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How to Teach Sight Words

Why Teach Sight Words?

Sight word instruction involves rote memorization of non-decodable high frequency words (outlaw words), word families (rimes), and common Greek, Latin, and English affixes (sight syllables). Although most of the rimes and sight syllables are decodable, their high frequency in text makes rote memorization desirable. The goal is reading automaticity.

Sight word instruction is not a substitute for explicit, systematic phoneme awareness and phonics instruction. The “Look-Say” reading method is not an efficient nor effective reading methodology.

Why is sight word instruction important?

Because older students generally have a more advanced vocabulary and bank of sight words than do younger students, it is important to draw upon these strengths to improve reading ability. It would not be wise to “start from scratch” with remedial readers. Teachers shouldn’t narrow instruction to solely remediate phonemic awareness and phonics deficits. Remedial students should quickly “fill in the gaps” as indicated by sight word diagnostic assessments through concentrated practice. The teacher should teach to these deficits concurrently with other program components.

Why don’t some students know the sight words and how does this affect their reading?

Some students have auditory processing, visual processing, or language processing problems which interfere with rote memorization of sight words. Inability to discriminate between speech sounds (phonemes) may have prevented fully developed phonemic awareness. Students may have difficulty in identifying the symbols or with the spatial arrangement of letters in words. Others may have problems connecting the alphabetic symbols to meaning.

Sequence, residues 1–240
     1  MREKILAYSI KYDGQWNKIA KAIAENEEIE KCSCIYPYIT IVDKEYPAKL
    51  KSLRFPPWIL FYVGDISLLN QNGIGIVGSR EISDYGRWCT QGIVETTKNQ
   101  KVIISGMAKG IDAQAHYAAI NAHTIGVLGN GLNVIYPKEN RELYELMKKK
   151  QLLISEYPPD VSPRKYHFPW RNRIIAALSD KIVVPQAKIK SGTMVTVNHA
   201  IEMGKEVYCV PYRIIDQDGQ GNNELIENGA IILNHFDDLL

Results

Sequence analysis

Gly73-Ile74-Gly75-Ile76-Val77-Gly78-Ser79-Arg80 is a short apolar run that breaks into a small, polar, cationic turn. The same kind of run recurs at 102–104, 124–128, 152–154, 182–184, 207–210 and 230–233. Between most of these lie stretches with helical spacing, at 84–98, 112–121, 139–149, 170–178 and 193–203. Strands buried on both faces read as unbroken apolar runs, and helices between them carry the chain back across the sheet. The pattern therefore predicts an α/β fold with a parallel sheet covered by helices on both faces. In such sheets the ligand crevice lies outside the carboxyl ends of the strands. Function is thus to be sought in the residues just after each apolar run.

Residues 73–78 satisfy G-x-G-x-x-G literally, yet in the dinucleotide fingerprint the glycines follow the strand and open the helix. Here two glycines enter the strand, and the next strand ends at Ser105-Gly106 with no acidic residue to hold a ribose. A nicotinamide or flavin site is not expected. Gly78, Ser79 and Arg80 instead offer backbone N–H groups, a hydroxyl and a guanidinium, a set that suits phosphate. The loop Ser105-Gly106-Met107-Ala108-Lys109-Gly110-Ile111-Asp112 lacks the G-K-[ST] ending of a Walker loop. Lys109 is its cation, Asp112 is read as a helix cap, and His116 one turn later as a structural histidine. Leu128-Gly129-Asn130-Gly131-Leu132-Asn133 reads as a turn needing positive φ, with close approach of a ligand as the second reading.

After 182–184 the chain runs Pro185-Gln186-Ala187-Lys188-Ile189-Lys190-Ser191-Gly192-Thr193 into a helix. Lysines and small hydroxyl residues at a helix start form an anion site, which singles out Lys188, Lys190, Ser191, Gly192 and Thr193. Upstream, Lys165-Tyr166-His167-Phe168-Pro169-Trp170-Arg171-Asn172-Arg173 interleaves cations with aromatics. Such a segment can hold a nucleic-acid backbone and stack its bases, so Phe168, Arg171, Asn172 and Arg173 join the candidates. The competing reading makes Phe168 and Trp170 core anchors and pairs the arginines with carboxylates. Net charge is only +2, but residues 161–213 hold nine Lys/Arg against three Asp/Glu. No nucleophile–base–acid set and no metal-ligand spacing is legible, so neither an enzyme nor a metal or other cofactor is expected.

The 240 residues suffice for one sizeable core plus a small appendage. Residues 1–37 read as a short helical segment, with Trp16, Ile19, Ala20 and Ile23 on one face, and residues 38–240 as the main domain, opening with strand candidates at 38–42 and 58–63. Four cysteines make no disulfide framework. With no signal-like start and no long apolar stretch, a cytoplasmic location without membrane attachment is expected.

Since phonemic awareness is a prerequisite to effective reading, students who lack this ability will have severe problems learning how to pronounce words sound by sound (decoding) and spell words (encoding). Inability to automatically process non-decodable outlaw words and non-decodable sight syllables retards reading fluency. Students spend time trying to pronounce words and syllables that are impossible to decode. Inability to rapidly recognize the analogous relationships of the rimes also retards reading fluency.

Can remedial readers with learning disabilities learn sight words?

Yes. The phonemic awareness and phonics instructional strategies will help students build on their strengths to ameliorate their relative weaknesses. A multi-sensory instructional approach will be particularly beneficial. Individual sight word study cards with large print can assist remedial reading students.

Mark Pennington, MA Reading Specialist, is the author of  the comprehensive reading intervention curriculum, Teaching Reading Strategies.Designed to significantly increase the reading abilities of students ages eight through adult within one year, the curriculum is decidedly un-canned, adaptable to various instructional settings, and simple to use. Get multiple choice reading assessments on two CDs, formative assessments, blending and syllabication activities, phonemic awareness and phonics workshops,comprehension worksheets, multi-level fluency passages on eight CDs, 390 flashcards, posters, activities, and games. Everything teachers need to teach a diagnostically-based reading intervention program for struggling readers at all reading levels is found in this comprehensive curriculum. Perfect for ESL and Special Education students, who struggle with language/auditory processing challenges. Simple directions and well-crafted activities truly make this an almost no-prep curriculum. Works well as a half-year intensive program or full-year program, with or without paraprofessional assistance. 364 pages

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